At times, representatives of U.S. Representative Lois Capps, former State Senator Jack O’Connell, former Assemblymember Hannah-Beth Jackson, and former Supervisor Gail Marshall participated. We would like especially to acknowledge Carla Frisk, former District Director for Senator O’Connell and current consultant to the Trust for Public Land, and John Buttny, former Executive Assistant to Supervisor Marshall. Both attended consistently and helped us understand state and local policies, find solutions to our differences by highlighting our commonalities, and craft meaningful and practical recommendations.

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Mission and Goals
The purpose of the Gaviota Coast Study Group is to discuss and develop a land planning process and strategies that can preserve the character and the values inherent in public and private land on the Gaviota Coast in a manner that is acceptable to both property owners and the community as a whole.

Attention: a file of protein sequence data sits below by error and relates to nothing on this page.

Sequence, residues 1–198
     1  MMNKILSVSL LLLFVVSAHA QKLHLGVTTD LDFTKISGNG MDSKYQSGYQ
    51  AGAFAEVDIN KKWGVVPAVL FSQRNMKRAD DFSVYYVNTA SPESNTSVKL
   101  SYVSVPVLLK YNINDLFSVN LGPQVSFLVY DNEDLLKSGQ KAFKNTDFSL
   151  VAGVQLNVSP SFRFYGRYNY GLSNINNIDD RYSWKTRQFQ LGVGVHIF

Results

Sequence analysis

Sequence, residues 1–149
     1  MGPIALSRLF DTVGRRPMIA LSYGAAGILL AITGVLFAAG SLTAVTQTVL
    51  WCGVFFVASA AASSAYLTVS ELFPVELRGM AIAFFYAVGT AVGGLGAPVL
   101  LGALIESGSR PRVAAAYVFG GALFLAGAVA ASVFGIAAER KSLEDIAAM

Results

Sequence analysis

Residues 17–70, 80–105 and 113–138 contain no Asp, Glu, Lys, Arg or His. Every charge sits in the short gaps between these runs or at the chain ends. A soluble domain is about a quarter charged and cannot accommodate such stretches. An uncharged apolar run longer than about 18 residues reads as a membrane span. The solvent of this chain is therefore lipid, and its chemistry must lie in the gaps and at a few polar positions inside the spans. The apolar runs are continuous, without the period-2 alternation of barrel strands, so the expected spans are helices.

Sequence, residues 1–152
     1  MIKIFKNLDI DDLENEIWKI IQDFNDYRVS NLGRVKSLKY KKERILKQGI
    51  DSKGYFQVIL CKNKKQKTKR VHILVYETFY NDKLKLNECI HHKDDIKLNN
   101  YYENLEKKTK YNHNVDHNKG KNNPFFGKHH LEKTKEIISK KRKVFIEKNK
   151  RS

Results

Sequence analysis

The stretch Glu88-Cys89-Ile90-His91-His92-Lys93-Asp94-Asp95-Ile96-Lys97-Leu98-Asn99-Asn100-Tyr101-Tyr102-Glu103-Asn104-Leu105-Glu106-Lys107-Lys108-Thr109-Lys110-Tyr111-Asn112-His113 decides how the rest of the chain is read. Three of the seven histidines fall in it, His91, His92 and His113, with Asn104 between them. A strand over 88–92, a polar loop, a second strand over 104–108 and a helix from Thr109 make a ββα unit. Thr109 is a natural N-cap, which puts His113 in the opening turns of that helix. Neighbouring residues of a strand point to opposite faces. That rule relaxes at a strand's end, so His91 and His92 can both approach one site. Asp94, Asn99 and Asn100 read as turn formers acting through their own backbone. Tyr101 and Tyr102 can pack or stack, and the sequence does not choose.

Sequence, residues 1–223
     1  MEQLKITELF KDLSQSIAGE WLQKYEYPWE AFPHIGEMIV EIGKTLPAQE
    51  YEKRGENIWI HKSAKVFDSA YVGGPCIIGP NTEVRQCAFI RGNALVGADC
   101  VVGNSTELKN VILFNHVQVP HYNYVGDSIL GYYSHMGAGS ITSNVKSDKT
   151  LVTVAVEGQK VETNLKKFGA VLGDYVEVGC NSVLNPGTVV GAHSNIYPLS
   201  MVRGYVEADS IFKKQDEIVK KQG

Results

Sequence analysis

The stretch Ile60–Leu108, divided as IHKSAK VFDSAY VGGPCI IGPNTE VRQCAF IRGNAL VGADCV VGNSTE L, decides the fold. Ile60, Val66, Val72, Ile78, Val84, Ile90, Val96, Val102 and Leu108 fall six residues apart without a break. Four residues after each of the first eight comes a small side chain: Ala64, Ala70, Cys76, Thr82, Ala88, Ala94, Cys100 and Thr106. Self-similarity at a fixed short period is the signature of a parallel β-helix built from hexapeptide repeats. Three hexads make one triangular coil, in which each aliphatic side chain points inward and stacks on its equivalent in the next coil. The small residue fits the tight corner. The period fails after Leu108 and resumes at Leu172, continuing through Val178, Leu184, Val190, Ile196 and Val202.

Goals: 1. To provide a local vision for lasting protection of rural agricultural, recreational, residential, cultural, spiritual, ecosystem, viewshed and open space values while respecting the rights and needs of property owners and the community as a whole. 2. To maximize local determination of land use and protection of the environment. 3. To facilitate the continuation and viability of agriculture. 4. To provide alternatives to land speculation through fair economic mechanisms as a way for landowners to maintain and/or realize the value of their land. 5. To develop economic incentives that, to the greatest degree possible, encourage private voluntary protection of agricultural, environmental and open space land values. 6. To promote increased public and private resources for protection of habitat and open space land values. 7. To develop recommendations to minimize adverse human impacts on public and private lands. 8. To develop recommendations for management structures which accomplish the above goals.

S. Wright

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Executive Summary